November 8



The birth of Vlad III, aka Vlad the Impaler, aka Vlad Drakul, aka Dracula, prince of Wallachia. Though known in folklore for his extreme cruelty and for his inspiration for Bram Stoker’s literary villain, Vlad is renowned in the Balkans for his defence of Christian lands against Turkish Islamic expansion. After the fall of Constantinople in 1453, the Ottoman emperor Mehmet the Conqueror attempted to complete the Muslim conquest of southeastern Europe. Vlad refused to acknowledge Turkish overlordship or pay the jizya tax imposed on Christian subjects. His armies inflicted a number of defeats on the Turks before he died in battle in 1476.

November 8



Julian of Norwich, English mystic is born. The author of Revelations of Divine Love, the first published book in English written by a woman, was a religious recluse whose true name is still unknown. In the 1370s she began to experience visions whose meanings she explored in a series of books. Her view of God focused primarily on His loving nature: “God loved us before he made us; and his love has never diminished and never shall.” Recent scholarship (Denys Turner’s Julian of Norwich, Theologian) takes her seriously as a thinker.


Of Mans First Disobedience, and the Fruit

Of that Forbidden Tree, whose mortal tast

Brought Death into the World, and all our woe,

With loss of Eden, till one greater Man

Restore us, and regain the blissful Seat,

Sing Heav’nly Muse . . .

John Milton, English writer, dies. Though his reputation as a poet had been in the making before the outbreak of the English Civil War in 1642, his work during the Puritan Commonwealth was of a polemical nature. He argued for the legitimacy of Christian divorce, for free speech (Areopagitica) and for the right of a people to overthrow a tyrannical ruler (On the Tenure of Kings and Magistrates). His blindness, which became total in 1654, did not prevent him from continuing his political writings or his poetry (see his sonnet “On My Blindness”). The restoration of the monarchy forced him into hiding for a time but he managed to live peacefully until his death. In 1667 he published Paradise Lost, the epic poem on the Fall of mankind. Milton’s standing as a literary figure has always been controversial. C.S. Lewis was a fan; T.S. Eliot was not. Curious readers unwilling to attempt an ascent on the summit of Paradise Lost might try his Christmas poem “On the Morning of Christ’s Nativity”: “See how from far upon the Eastern road/ The Star-led Wizards haste with odours sweet”.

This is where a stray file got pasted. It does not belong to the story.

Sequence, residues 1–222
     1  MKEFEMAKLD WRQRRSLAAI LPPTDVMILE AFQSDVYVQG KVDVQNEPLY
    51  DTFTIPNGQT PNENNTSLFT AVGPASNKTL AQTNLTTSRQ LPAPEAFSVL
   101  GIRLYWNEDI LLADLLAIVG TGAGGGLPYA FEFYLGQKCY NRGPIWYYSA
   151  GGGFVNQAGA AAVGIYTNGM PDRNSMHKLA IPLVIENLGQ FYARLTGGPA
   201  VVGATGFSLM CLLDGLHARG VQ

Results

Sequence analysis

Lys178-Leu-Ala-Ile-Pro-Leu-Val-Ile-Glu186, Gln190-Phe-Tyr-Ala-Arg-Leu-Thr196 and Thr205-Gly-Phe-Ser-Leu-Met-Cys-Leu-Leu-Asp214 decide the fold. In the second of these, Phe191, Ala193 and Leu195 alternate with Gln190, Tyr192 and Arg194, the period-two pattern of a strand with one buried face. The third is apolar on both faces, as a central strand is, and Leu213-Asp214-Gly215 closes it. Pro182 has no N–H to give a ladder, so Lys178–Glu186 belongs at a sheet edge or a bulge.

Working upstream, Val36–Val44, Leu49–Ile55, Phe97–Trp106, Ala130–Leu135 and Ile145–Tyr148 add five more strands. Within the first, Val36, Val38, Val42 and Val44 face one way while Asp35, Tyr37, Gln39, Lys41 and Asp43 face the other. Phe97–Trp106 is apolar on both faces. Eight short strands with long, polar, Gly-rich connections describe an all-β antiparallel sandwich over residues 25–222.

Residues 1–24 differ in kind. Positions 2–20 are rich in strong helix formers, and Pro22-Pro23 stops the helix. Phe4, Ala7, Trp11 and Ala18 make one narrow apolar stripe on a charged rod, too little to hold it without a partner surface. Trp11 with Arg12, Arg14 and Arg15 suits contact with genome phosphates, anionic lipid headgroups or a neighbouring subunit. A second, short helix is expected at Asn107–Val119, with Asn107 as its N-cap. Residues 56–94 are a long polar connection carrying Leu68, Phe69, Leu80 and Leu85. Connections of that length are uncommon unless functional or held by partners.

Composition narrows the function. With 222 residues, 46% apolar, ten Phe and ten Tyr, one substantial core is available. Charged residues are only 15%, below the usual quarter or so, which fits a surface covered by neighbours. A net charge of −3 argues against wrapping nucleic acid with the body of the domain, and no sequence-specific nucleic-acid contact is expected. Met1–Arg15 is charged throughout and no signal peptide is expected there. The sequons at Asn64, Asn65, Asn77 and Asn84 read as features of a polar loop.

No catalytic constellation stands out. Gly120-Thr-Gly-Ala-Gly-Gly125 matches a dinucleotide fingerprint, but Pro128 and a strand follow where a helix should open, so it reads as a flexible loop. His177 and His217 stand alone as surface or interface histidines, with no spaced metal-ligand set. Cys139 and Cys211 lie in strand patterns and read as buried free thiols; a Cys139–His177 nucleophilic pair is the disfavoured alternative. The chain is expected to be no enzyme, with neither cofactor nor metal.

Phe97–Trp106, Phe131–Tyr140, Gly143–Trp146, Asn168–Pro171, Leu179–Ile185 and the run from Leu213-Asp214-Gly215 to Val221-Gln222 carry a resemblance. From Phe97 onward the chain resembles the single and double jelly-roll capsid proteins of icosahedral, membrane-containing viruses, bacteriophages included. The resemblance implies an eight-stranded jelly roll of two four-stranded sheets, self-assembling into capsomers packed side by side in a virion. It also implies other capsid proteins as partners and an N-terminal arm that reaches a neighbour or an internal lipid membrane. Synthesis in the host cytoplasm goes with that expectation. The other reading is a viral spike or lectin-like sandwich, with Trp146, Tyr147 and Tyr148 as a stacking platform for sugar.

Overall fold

November 4

Our Lady of Kazan



Our Lady of Kazan was a highly-venerated icon of the Russian Orthodox Church. It is said to have originated in Constantinople and was transported to Russia where it disappeared, only to be miraculously rediscovered in Kazan after a vision in 1579. Prayers to this icon were credited for saving the country from invasion by Poles, Swedes and Napoleon.

In 1904 the icon was stolen and, though its gold frame was recovered, the icon itself was never seen again. The disasters of the 1905 Russian Revolution, the Great War and the Communist takeover are attributed to its loss.

November 3


St. Martin de Porres was born in Lima, Peru on December 9, 1579, the illegitimate son of a Spanish gentlemen and a freed slave  of African (or possibly native American) descent. His early life was spent in poverty and he was eventually apprenticed to a barber-surgeon. Despite the laws that forbade non-whites from becoming full members of religious orders, Martin joined the Dominicans as a volunteer helper, eventually becoming a lay brother.

He was renowned for his charity and love of the sick and poor. He established an orphanage and children‘s hospital for the poor children of the slums; he also set up a shelter for the stray cats and dogs and nursed them back to health. Even during his lifetime miraculous cures and powers were ascribed to him. Martin died on November 3, 1639 and was canonized by Pope John XXIII on May 6, 1962. He has become the patron saint of Peru, people of mixed race, innkeepers, barbers, public health workers and more.